A sneak peak at the everyday sports car from Lotus.
Lotus has released basic information and our first look at the 2009 Lotus “Eagle” as a teaser prior to next week’s British auto show where the car’s true identity will be revealed—Eagle is just its internal codename.
Until then, what we know for certain is that the Eagle will be positioned above the Elise and Exige S models and, like the not-for-the-U.S. Europa, aims to provide increased day-to-day usability. Think Porsche Cayman as opposed to all-out track toy: the Eagle will carry more creature comforts and be larger (although that’s a relative term) than the Elise and Exige.
The basic structure is similar to every other modern Lotus: mid-engined, lightweight, and smaller than most everything else on the road. Like the Europa, the Eagle has a sloped rear window and a fixed roof, although a convertible will arrive at a later date.
The Eagle will be offered either as a true two-seater or with a 2+2 seating arrangement, although Lotus warns the rear seats are only suitable for children, and we suspect only those with very short legs.
Power will come from a Toyota 3.5-liter V-6 with variable valve timing tuned to produce 276 horsepower, and Lotus says the car clears the 0-to-60-mph sprint in less than five seconds and tops out around 160 mph.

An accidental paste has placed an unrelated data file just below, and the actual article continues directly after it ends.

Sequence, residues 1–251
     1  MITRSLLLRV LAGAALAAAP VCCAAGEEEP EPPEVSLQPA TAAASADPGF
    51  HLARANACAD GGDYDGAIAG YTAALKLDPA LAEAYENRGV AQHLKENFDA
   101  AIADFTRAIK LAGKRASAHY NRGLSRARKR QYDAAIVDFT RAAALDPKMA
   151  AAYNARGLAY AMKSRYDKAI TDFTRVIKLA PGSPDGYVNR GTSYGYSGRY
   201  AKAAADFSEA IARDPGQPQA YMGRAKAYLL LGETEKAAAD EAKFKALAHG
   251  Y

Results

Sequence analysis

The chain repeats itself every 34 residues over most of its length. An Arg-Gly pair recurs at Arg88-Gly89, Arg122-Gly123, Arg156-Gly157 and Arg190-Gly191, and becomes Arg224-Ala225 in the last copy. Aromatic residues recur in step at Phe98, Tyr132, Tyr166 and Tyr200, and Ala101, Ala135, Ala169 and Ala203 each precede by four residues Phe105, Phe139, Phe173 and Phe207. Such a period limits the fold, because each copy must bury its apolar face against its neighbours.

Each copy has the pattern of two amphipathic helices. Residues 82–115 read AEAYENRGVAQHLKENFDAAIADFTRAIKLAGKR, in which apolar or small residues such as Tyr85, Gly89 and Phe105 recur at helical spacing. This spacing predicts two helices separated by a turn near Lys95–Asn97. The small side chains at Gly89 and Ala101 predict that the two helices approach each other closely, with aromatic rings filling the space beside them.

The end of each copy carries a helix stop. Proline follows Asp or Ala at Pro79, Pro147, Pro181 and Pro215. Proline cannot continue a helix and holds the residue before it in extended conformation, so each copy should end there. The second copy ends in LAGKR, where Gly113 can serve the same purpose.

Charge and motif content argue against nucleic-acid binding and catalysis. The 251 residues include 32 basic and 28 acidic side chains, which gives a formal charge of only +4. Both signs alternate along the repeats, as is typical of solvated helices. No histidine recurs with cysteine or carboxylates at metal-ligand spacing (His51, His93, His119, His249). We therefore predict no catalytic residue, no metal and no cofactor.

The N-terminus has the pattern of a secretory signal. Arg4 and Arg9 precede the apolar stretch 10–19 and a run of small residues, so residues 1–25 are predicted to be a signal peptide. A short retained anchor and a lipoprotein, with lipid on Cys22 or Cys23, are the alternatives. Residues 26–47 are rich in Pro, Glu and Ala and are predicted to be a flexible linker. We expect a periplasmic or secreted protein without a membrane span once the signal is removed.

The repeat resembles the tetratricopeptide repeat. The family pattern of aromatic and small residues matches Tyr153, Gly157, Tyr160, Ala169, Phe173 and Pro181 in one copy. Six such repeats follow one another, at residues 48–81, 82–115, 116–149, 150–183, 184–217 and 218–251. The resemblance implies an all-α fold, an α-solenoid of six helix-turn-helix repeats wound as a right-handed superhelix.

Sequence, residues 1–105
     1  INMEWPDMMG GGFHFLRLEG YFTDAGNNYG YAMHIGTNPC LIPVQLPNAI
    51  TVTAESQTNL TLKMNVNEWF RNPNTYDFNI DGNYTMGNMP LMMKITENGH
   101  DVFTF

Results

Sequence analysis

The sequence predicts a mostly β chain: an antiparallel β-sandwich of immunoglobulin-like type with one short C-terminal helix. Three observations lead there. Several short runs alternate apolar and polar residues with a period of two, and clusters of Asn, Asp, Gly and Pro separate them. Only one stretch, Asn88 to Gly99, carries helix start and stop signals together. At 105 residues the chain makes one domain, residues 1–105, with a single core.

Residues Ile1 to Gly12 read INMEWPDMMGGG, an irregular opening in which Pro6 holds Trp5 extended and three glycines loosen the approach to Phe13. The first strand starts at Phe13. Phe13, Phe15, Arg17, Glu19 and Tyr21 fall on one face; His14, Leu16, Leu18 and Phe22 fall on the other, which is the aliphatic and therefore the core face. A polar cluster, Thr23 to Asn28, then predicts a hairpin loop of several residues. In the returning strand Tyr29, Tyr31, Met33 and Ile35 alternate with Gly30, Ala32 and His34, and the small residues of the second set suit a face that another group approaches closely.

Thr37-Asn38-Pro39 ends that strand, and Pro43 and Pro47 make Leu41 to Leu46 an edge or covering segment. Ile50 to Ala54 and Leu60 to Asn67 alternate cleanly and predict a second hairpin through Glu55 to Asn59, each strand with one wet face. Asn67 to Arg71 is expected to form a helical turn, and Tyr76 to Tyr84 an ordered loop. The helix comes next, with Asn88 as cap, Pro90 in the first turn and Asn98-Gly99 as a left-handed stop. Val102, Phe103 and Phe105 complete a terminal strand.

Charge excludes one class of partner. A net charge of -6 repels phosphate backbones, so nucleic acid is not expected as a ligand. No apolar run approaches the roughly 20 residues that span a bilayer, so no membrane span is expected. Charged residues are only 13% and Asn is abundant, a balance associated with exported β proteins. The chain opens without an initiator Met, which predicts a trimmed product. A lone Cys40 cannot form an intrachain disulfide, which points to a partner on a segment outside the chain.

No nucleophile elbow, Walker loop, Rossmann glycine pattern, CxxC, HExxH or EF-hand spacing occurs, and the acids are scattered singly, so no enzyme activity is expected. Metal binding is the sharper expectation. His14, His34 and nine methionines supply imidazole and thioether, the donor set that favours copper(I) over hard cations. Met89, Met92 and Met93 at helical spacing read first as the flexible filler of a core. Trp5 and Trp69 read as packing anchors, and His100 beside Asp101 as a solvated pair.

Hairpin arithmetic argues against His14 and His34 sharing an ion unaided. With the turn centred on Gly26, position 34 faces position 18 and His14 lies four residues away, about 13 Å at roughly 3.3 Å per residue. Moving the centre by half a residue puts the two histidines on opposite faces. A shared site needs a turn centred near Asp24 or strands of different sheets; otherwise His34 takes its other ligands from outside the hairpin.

The Eagle employs typical Lotus aerodynamic tricks to keep the car planted at high speeds, including a rear diffuser and spoiler. Lotus engineers claim the Eagle is quicker around the famed Nürburgring circuit than the Elise.
Inside there are way more toys than in the Exige and Elise: air conditioning, leather seating, a tire-pressure monitoring system, a backup camera, cool blue LED lighting, and a remote garage-door opener.
There’s also a slick Alpine audio and navigation system with satellite radio, iPod, and Bluetooth connectivity, and a clever audio equalizer. We recently installed a similar system in our long-term Subaru WRX STI, and it sounds great.
As a further concession to practicality, the Eagle even has a rear-mounted trunk that’s supposed to fit a set of golf clubs. Because it’s mounted behind the engine, the trunk is cooled to stop engine heat from melting cargo—but we wouldn’t go so far as to put ice cream back there. Lotus rounds out the features list with anti-lock brakes and traction and stability control.
Check back next week for our coverage of the Eagle’s official unveiling, but Lotus says it will be another six months before the car is available for test drives. The Eagle—or whatever its real name is—will go on sale in spring 2009, with only 2000 to be built per year. We’re waiting to hear back from Lotus on how many, if any, are headed to the U.S. The car is the first of three new models Lotus promises as part of a five-model business plan to grow the niche brand.